Jobs to go at Waikato,
More than thirty jobs will be axed at Waikato University as the impact of falling rolls hits home, according to a report in the Waikato Times. The University faces a deficit of up to $2 million and a 4.9 percent drop in enrolments, a situation worse than initially predicted. Despite earlier hopes that there would be no job losses, Waikato’s Vice-Chancellor Roy Crawford said it was a changing environment and they had to face reality. He said that Waikato University had been affected by the same trends that had hit other universities, while limited government funding and rising costs had contributed to the situation.
AUS Branch Organiser Sandy O’Neil said that job losses identified by the Waikato Times were, at this stage, only proposals, and she hopes that a genuine consultation process would look at other options. “Redundancies should be a last option,” she said.
Meanwhile, at Canterbury, a memo to staff from the Pro Vice-Chancellor of Arts this morning said that a variety of strategies, including staff cuts to some academic programmes, are being followed to deal with a serious financial shortfall in the Arts College budget for 2006. It is understood that up to nineteen staff may go in an effort to cut $1 million from the budget. While the University did not respond to a request for comment, a staff member said that there had not been proper consultation before the decision had been taken, and that cuts could be made to operational budgets in order to save jobs.
Education Levy to be used for marketing
Millions of dollars of the Government’s Export Education Levy will be spent on marketing in an attempt to reverse declining international student revenue, a move supported by many in the export education sector, according to the Education Review.
Offshore visa applications were down by nearly 5,000 compared with the previous year, and English-language school income in the year to March 2005 was $313 million, 27 percent less than in the previous year.
Faced with a continuing decline in equivalent full-time international students, Education New Zealand announced recently that levy funds would move from professional development to marketing. Professional-development spending will fall from $845,000 last year to $280,000 this year.
Education New Zealand Chief Executive, Robert Stevens, said that most of the levy would now be spent on “demand generation”, a move he describes as industry responsiveness to a highly dynamic operating environment. “If demand returned in the future, more could be spent on professional development,” he said.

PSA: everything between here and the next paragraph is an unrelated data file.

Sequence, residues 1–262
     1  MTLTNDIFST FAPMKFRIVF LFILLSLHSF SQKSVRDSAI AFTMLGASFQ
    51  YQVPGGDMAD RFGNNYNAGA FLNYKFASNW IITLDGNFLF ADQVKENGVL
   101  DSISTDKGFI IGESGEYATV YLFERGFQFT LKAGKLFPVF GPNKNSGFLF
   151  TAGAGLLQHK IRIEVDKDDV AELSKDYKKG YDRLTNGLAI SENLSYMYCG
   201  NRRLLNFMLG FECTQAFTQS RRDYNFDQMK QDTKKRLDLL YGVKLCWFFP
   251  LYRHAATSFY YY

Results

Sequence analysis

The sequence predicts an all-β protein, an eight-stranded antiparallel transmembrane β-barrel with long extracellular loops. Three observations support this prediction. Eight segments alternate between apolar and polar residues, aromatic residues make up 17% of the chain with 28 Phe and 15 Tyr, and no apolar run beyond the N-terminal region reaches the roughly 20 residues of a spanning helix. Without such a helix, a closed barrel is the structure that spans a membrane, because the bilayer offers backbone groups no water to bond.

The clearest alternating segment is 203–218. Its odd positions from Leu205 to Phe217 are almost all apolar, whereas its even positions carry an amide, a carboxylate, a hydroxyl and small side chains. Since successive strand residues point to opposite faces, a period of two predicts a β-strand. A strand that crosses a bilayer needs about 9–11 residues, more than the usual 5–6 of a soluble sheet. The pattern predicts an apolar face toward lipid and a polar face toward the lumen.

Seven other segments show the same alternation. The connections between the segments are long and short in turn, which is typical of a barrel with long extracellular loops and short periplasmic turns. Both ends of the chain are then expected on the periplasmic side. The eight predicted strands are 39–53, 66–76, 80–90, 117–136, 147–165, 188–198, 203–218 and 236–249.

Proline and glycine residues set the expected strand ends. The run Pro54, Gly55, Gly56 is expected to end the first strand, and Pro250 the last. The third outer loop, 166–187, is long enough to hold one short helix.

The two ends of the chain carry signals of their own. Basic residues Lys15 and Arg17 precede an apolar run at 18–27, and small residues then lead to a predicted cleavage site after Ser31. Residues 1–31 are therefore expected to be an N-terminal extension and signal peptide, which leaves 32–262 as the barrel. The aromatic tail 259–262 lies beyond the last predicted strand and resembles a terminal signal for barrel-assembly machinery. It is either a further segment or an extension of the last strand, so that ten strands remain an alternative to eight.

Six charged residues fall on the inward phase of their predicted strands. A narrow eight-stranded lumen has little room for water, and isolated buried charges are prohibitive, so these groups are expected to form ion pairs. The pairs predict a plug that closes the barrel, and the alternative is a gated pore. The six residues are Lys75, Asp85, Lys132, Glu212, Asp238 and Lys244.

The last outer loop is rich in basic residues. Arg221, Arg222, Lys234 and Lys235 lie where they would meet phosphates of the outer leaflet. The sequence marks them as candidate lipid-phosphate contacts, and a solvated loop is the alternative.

The export education fund will spend $3.28 million on the 2005-06 year, 2.69 million of it on marketing, promotion and communication.
While a number of English-language providers are concerned about the drop in spending on professional development, most agreed on the need to increase the marketing budget. The move has also been supported by Education Minister, Trevor Mallard.
Source information from Education Review
Academic calls for clear gag rule
An expert on defamation and racial hatred, Lawrence McNamara, has told a forum at Macquarie University in Australia that it is dangerous to try and draw too tightly the gag on academics speaking beyond their area of expertise. The forum followed the banning from teaching of a Macquarie law professor, Andrew Frazer, after he made controversial comments claiming that Australia was becoming a Third World colony by allowing non-white immigration.
Although condemning Frazer’s views, Mr McNamara said it was important that academics are able to speak widely. “The nature of our research and analytical skills is both specific and generalist,” he said. “Moreover, the need for interdisciplinary engagement is vital and that takes us to the periphery of our expertise sometimes.”
He said it was “dangerous and inappropriate” to apply the gag too tightly. What was at stake was not the protection of any individual academic but “the independence and integrity of the search for truth. The University should be a sufficiently robust institution to cope with the views of any one staff member.”
Meanwhile, African community leaders are planning legal action against Andrew Frazer, saying that his comments on race have exposed them to daily abuse and attacks.
MPs to investigate
academic brain drain
British members of parliament are examining a looming crisis in universities after a report found that the country’s top academics are quitting for better-paid jobs. The report, Recruitment and Retention of Academic Staff in Higher Education, has warned that relatively low pay in the United Kingdom was a major factor behind current staffing problems.
The quality of candidates, particularly for top-professorial jobs, is in decline, according to the study conducted for the Government by the National Institute of Economic and Social Research. It found that sexism, race discrimination, low pay and red tape all threaten the future supply of university staff, and said that the problem comes at a time when more academic staff will be needed to meet the Government’s target of getting 50 percent of young people into university.
“Pay in the United States is higher for comparable academic staff, and the difference is particularly marked at the top end of the earnings distribution,” the report says. “Thus pay is likely to be a factor encouraging outflow of academics from the UK to the US.
Interestingly, the report notes that UK universities pay better than those in New Zealand, a country which may provide a “fruitful source” of new recruits.
Times Higher Education Supplement
Brunel’s reputation takes
Academics around the world are helping boost support for the greylisting of England’s Brunel University by the Association of University Teachers (AUT) after the sacking of two academics for “over-teaching”. AUT called for the greylisting after Brunel management decided to replace non-research-active staff in an effort to boost research status. It threatened compulsory redundancies and dismissed the two staff.
In a message to Brunel management, the 48,000-strong Canadian Association of University Teachers said that it had sent an urgent message to members, encouraging them to refrain from all voluntary links with Brunel University. The Brunel letter continued: “The reputation of your University within the international academic community is suffering. Your success in attracting students and high-quality staff is at risk because you have now gained a reputation as an employer who resorts to compulsory redundancy rather than a negotiated settlement.”
AUS Tertiary Update is compiled weekly on Thursdays and distributed freely to members of the Association of University Staff and others. Back issues are available on the AUS website: www.aus.ac.nz . Direct enquires should be made to Marty Braithwaite, AUS Communications Officer, email: firstname.lastname@example.org